Last week, I attended a guided reading workshop given in my district. I will admit, I was not looking forward to this training, but I ended up learning a lot of valuable information!
The presenter used this book by Jan Richardson. This is a phenomenal text! If you teach K-8 literacy, I would highly recommend reading it or using it as a resource. Richardson believes in using a balanced reading approach–meaning that teachers should incorporate read alouds, shared reading, independent reading within their reading block. I agree that these components should be incorporated into lessons daily because they give students a chance to focus on various skills. For example, during shared readings teachers model skills and strategies that students need to apply throughout their reading. Also, independent reading time gives students an opportunity to work in literacy stations with skills that they may need to practice. Literacy stations should be differentiated to meet the needs of each student.
I was impressed with Richardson’s strategies to incorporate with each type of “reader”. According to Richardson, there are 4 types of readers: emergent, early, transitional, and fluent. Emergent readers are those that are just beginning to associate letters to specific sounds. These readers need instruction in decoding CVC words and high frequency words. Early readers know the letters and sounds, but they are still mastering how to apply these skills in more challenging texts. Transitional readers are able to read most high frequency words, but are still learning to decode “big words”. They are also increasing fluency, expanding their vocabulary, and digging deeper into comprehension. Fluent readers have mastered decoding skills and focus mainly on comprehension. This resource gives multiple strategies for specific skills that should be taught to each type of reader. Personally, I find this helpful because sometimes I am not sure of what skills should be taught at a particular time. Richardson lists these strategies with detailed explanation to provide support for teachers.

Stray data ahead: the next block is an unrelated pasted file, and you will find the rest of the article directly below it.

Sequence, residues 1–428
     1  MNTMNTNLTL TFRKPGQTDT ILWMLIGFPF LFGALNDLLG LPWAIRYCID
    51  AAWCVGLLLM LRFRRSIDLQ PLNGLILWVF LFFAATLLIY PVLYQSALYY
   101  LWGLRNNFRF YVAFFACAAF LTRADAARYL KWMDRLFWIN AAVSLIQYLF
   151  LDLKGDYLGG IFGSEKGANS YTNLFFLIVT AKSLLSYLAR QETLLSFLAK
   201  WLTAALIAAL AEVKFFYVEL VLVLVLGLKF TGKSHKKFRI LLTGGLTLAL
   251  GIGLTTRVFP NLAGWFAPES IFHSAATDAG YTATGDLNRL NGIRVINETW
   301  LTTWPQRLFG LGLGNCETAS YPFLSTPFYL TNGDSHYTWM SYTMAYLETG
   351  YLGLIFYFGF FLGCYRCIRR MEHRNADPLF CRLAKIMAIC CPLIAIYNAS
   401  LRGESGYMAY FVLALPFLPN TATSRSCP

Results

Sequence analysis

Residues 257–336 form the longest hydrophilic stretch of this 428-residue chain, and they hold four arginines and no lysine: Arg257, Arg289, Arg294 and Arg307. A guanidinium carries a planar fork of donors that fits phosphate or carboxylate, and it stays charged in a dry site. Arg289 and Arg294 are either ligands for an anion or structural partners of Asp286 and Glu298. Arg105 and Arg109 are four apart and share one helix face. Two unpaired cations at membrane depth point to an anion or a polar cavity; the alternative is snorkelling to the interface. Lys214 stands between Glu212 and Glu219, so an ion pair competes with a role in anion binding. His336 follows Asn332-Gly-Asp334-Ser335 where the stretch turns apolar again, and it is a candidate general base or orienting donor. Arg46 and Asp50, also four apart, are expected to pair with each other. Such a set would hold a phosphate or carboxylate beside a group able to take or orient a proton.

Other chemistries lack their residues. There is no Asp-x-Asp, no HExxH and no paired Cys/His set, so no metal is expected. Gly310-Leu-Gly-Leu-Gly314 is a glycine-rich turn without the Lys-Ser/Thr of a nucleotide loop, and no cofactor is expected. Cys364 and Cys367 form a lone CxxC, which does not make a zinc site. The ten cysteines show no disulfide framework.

Richardson also provides lesson plan templates that incorporate all of the strategies that she mentions in her book. Each lesson plans is specific to the type of reader you are teaching. You can find these templates at her website. The week after Thanksgiving, I will be incorporating these types of lesson plans. These plans are a great way to organize and plan meaningful connections throughout teaching in guided reading. I am going to modify my plans slightly. I will use the same book all week long to dig deeper into the text. On Monday-Wednesday, I will teach concepts that are specific to each type of reader. On Thursday, we will build a Thinking Map focused around a comprehension question. Last, on Friday we will use the Thinking Map to construct a response from the comprehension question that we used to create the map.
If you or someone you know is struggling with incorporating guided reading in their classroom, this is the resource for you. Guided reading gives students multiple opportunities to practice various literacy skills, while meeting the needs of each student.